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Immigration WorldwidePolicies, Practices, and Trends$
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Uma A. Segal, Doreen Elliott, and Nazneen S. Mayadas

Print publication date: 2009

Print ISBN-13: 9780195388138

Published to Oxford Scholarship Online: February 2010

DOI: 10.1093/acprof:oso/9780195388138.001.0001

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PRINTED FROM OXFORD SCHOLARSHIP ONLINE (www.oxfordscholarship.com). (c) Copyright Oxford University Press, 2019. All Rights Reserved. An individual user may print out a PDF of a single chapter of a monograph in OSO for personal use. date: 16 September 2019

South Africa

South Africa

Immigration to Post-Apartheid South Africa: Critical Reflections

Chapter:
(p.363) 24 South Africa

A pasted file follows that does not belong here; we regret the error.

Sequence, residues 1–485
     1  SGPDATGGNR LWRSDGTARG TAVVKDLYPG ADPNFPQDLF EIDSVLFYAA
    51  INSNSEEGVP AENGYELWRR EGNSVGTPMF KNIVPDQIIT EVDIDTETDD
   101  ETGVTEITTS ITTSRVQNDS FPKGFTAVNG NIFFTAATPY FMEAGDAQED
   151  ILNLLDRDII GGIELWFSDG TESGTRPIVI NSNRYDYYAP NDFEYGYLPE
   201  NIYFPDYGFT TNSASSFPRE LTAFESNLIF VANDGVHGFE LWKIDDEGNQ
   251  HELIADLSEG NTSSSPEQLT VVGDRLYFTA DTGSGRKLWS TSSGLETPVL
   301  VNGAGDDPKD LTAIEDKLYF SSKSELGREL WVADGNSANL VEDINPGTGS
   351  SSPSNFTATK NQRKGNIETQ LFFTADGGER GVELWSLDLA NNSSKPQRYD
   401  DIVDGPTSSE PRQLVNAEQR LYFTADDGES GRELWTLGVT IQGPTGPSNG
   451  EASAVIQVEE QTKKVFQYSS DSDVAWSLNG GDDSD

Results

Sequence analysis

Source:
Immigration Worldwide
Author(s):

Brij Maharaj

Publisher:
Oxford University Press
DOI:10.1093/acprof:oso/9780195388138.003.0024

There have been long delays in developing a new progressive immigration policy in South Africa. It is true that despite the numerous problems that face the majority of blacks in South Africa, for Africans from other parts of the continent, the country is perceived as being the land of increased economic opportunities and hope, especially after the 1994 elections. Hence, as long as the widespread poverty and high levels of inequality prevail on the continent, South Africa will continue to attract migrants. In this chapter it will be argued that the South African government has two options: continue with the law and order approach and ineffective policing that contributes to high levels of xenophobia. Alternatively, it could adopt a more sensitive human rights approach that takes cognizance of the creative ways in which migrants contribute to the local economy.

Keywords:   South Africa, undocumented migrants, refugees, xenophobia, brain drain

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